The greatest incident of unprecedented attacks against foreigners took place in May of 2008 as an attempt to drive foreign populations out of poor South African communities. These attacks “left at least 62 dead, 670 wounded, dozens raped, and more than 100,000 displaced.,” and are characterized by the public murder of Mozambican Ernesto Alfabeto Nhamuave. Nhamuave was stabbed and burned alive in South Africa’s Ramaphosa informal settlement during the wave of brutality. No arrests have been made in relation to his case. Naturally, the violence against outsiders, most notably foreign shopkeepers and workers of Mozambican and Zimbabwean origin, did not end there.
“We hid them in our house. My mom actually went and fetched them out the township while [the attacks were] happening. They were friends of our domestic worker at the time.”- Richard, a South African, describing his family’s response to the 2008 attacks against Zimbabwean migrants.
In 2011, the UNHRC Regional Office of South Africa reported, “154 reported incidents of xenophobic attacks, 99 deaths, 100 serious injuries, and 1,000 people displaced.” Over the course of one year, this rose to “238 incidents, 120 deaths, 154 serious injuries, and 7,500 people displaced.” And in 2013, “250 attacks, 88 deaths, 170 serious injuries [occurred,] and 7,000 [were left] displaced.”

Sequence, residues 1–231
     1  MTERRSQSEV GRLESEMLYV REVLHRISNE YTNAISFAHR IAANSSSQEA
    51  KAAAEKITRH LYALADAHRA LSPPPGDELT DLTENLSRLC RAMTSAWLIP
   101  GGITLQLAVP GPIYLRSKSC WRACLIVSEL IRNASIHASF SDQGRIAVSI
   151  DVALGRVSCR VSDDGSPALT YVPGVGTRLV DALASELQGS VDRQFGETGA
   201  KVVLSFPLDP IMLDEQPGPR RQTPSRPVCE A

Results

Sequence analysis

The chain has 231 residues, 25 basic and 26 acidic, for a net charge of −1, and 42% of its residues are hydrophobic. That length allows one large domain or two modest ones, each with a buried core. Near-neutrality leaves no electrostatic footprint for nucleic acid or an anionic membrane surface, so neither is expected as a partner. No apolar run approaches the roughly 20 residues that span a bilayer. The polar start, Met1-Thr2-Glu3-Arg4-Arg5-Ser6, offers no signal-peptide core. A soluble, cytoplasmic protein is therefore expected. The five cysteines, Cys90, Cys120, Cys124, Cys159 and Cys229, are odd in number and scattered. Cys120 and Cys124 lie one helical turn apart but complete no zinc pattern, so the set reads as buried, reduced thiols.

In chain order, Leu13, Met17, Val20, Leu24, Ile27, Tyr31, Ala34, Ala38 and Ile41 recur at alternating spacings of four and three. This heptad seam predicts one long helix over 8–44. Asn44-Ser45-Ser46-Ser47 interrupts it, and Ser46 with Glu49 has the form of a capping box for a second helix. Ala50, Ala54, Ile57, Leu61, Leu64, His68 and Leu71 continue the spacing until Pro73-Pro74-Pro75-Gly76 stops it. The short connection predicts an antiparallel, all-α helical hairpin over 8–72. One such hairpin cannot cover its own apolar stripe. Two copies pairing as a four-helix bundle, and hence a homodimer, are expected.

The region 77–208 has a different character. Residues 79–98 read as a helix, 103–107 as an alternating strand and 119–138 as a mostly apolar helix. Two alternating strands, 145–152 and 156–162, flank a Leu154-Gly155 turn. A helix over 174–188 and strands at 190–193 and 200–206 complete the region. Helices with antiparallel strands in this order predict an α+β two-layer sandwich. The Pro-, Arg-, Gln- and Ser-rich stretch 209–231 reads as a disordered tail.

“[Foreigners] "should pack their bags and go back home,” said King of the Zulu ethnic group Goodwill Zwelithini, responding to the perception that migrants are criminals who steal jobs from ordinary South Africans.
Another wave of violence targeting foreigners began in January 2015, after a Somali shop owner shot and killed a 14 year old South African who was caught stealing. In response, people protested and foreign-owned shops were attacked and looted from. In March, foreigners in one town were forced to abandon their shops after being threatened with being burned alive and their shops destroyed. In April, two Ethiopian brothers were trapped inside their shop, a shipping container, and then set on fire. Attacks of this nature continued on a large scale throughout 2015, with incidents still occurring more sporadically.